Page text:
Broadband is a phrase used to describe high-speed Internet connectivity that is always available and faster than traditional dial-up access. Several high-speed transmission technologies are included in Jom Apply 300Mbps Unifi broadband. A variety of factors will influence which broadband technology you choose. These factors could include where you live (urban or rural), how broadband Internet connection is combined with additional services (such as voice telephone and home entertainment), price, and availability
Subscriber Line in Digital Format (DSL)
DSL is a wireline transmission technology that allows data to be transmitted more quickly over existing copper telephone lines in households and businesses. The transmission speeds of DSL-based broadband range from a few hundred Kbps to millions of bits per second (Mbps). The distance between your house or business and the nearest telephone provider facility may affect the availability and speed of your DSL connection.
DSL transmission technologies include the following:
Asymmetrical Digital Subscriber Line (ADSL) – Asymmetrical Digital Subscriber Line (ADSL) is generally used by household customers, such as Internet surfers, who receive a lot of data but don’t send much. The downstream direction of ADSL is often faster than the upstream direction. ADSL enables for quicker downstream data transmission over the same line that is used for voice service, without interfering with conventional phone calls.
SDSL (Symmetrical Digital Subscriber Line) – Typically used by enterprises for video conferencing and other services that require a lot of bandwidth both upstream and downstream.
Modem through cable
Cable modem service allows cable companies to transmit broadband through the same coaxial lines that deliver video and audio to your television.
The majority of cable modems are external devices with two connections: one to a cable outlet and the other to a PC. They offer 1.5 Mbps or higher transmission speeds.
Subscribers can use their cable modem connection without dialling up an ISP by simply turning on their PCs. While utilising it, you can still watch cable television. The type of cable modem, cable network, and traffic load all influence transmission speeds. The speeds are comparable to those of DSL.
Fiber optic technology turns data-carrying electrical signals into light, which is then transmitted through clear glass fibres with a diameter of about a human hair. Fiber transfers data at speeds that are tens or even hundreds of times faster than existing DSL or cable modem speeds.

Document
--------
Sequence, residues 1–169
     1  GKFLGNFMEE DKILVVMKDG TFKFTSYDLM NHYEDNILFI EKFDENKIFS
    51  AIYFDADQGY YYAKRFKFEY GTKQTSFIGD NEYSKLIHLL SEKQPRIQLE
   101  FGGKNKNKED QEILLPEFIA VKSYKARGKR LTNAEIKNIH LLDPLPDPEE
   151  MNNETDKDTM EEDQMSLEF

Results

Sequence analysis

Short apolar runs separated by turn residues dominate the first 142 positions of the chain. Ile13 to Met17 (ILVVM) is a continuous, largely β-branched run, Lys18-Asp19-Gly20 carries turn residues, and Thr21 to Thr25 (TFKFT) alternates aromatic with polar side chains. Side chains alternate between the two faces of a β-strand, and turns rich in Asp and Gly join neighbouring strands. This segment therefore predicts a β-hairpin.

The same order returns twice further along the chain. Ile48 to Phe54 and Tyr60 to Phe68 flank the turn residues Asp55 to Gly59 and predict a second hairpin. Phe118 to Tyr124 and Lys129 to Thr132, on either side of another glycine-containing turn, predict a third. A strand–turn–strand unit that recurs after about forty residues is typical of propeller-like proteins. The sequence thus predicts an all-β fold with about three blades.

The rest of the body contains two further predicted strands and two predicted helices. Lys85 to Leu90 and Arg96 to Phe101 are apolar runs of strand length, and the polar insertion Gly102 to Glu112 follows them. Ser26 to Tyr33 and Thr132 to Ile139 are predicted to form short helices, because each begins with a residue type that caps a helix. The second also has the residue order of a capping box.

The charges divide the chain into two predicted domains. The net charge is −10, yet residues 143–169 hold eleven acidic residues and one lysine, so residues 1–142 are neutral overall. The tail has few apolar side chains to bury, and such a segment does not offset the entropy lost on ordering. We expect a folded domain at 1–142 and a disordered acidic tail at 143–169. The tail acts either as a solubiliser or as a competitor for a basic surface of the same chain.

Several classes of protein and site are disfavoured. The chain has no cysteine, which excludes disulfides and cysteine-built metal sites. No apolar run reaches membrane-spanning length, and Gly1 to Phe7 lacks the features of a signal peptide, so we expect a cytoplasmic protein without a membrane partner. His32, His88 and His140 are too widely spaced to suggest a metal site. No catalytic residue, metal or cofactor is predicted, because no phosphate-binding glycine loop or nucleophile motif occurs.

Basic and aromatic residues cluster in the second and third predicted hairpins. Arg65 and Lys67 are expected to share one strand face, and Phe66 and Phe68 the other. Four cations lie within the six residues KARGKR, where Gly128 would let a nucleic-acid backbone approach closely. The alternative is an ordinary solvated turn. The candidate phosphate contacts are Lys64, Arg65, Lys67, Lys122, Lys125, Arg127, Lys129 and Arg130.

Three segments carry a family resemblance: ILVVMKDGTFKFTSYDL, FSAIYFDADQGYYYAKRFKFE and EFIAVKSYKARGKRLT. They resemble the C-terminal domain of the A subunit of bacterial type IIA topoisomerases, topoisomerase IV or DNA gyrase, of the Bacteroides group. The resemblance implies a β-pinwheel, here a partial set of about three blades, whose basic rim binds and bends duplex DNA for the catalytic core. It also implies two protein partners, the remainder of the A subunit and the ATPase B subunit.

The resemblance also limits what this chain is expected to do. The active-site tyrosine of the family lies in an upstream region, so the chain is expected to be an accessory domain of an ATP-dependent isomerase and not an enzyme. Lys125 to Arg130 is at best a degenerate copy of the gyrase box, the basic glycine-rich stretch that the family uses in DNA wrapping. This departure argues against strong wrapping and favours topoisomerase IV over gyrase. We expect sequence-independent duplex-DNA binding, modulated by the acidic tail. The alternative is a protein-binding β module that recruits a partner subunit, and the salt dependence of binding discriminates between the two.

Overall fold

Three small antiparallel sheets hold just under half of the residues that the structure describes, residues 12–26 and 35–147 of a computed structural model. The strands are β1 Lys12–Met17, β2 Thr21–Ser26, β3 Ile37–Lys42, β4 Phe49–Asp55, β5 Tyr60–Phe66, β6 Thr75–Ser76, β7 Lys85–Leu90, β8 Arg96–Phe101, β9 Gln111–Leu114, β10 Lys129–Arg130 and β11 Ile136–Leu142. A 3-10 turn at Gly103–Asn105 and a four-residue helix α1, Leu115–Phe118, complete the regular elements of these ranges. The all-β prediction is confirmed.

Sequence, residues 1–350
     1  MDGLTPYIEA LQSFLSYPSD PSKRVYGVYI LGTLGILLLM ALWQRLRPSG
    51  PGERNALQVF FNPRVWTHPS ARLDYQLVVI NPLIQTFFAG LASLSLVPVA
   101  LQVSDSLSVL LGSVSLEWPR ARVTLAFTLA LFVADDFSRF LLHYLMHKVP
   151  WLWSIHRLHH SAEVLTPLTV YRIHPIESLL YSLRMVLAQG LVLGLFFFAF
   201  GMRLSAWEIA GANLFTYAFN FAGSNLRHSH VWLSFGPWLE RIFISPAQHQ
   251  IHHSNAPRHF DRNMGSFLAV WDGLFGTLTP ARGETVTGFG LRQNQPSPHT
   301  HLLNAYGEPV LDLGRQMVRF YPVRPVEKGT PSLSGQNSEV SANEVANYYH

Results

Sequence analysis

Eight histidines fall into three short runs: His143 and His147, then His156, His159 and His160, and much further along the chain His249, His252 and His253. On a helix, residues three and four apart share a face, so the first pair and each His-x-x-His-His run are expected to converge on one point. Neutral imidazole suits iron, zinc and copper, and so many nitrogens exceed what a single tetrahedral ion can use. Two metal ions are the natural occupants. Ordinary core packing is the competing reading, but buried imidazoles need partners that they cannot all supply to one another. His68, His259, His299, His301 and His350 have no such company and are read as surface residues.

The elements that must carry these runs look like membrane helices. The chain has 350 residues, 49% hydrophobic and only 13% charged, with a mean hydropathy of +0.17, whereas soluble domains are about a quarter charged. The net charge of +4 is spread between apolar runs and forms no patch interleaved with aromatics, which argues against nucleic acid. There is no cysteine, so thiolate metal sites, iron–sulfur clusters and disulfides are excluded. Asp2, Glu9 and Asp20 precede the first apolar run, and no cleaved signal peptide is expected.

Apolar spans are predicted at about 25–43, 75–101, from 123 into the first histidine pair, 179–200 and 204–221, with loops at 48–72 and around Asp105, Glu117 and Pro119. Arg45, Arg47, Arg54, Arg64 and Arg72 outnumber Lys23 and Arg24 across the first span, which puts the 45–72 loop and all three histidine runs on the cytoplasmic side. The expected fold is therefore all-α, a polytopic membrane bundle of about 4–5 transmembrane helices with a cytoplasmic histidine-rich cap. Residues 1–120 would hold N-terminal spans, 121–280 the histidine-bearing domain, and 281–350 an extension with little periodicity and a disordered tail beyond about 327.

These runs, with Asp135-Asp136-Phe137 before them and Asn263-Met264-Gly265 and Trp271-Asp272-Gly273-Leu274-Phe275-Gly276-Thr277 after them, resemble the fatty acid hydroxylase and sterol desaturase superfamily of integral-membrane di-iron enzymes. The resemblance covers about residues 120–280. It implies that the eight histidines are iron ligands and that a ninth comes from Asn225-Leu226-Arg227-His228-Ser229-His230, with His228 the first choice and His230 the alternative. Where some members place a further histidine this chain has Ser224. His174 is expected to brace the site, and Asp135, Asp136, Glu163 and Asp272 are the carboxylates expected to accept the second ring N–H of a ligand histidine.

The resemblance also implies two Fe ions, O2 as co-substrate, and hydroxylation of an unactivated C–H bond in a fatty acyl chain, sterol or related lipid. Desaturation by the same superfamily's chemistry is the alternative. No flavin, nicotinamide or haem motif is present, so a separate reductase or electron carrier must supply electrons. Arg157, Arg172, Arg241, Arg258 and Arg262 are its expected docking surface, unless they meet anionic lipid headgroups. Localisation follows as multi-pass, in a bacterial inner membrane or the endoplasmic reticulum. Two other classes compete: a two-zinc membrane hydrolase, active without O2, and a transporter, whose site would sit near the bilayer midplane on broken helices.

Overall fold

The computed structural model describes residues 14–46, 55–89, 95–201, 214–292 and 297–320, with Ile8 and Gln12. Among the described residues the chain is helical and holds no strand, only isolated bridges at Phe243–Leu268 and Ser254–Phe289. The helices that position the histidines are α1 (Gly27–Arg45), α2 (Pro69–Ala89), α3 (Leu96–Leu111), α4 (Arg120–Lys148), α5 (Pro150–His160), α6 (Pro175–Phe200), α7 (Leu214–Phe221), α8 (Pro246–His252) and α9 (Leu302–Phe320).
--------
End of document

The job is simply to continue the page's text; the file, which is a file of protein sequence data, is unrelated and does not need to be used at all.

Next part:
The speed you get depends on a number of things, including how close the service provider connects the fibre to your computer and how the service provider configures the service, including the quantity of bandwidth used. The same fibre that delivers your broadband can also supply talk (VoIP) and video services, including video-on-demand, at the same time.
The fibre can be run all the way to the customer’s home or company, to the curb outside, or to a position halfway between the provider’s facilities and the customer, depending on the technology used.
Wireless broadband uses a radio link between the customer’s location and the service provider’s facility to connect a home or business to the Internet. Mobile or fixed wireless broadband is available.
Broadband service is provided via wireless technologies using longer-range directional equipment in rural or sparsely inhabited locations where DSL or cable modem service would be prohibitively expensive. DSL and cable modem speeds are often comparable. In most cases, an external antenna is necessary.
Consumers can access the Internet from a fixed point while stationary using wireless broadband Internet access services offered over fixed networks, which often need a direct line-of-sight between the wireless transmitter and receiver. Both licenced and unauthorised devices have been used to provide these services. Thousands of tiny Wireless Internet Service Providers (WISPs), for example, use unlicensed devices to provide wireless broadband at speeds of roughly one megabit per second, often in rural areas not served by cable or wireline broadband networks.
WLANs (Wireless Local Area Networks) are used to extend the reach of a “last-mile” wireline or fixed wireless broadband connection within a house, building, or university environment. Unlicensed devices are used in Wi-Fi networks, which can be configured for private access within a house or business or for public Internet access at “hot spots” including restaurants, coffee shops, hotels, airports, conference centres, and city parks.
Mobile telephone service companies and others are now offering mobile wireless broadband services. These services are typically intended for highly mobile consumers and require a specific PC card with an integrated antenna that is plugged into the user’s laptop computer. In general, they offer slower speeds, typically in the hundreds of Kbps range.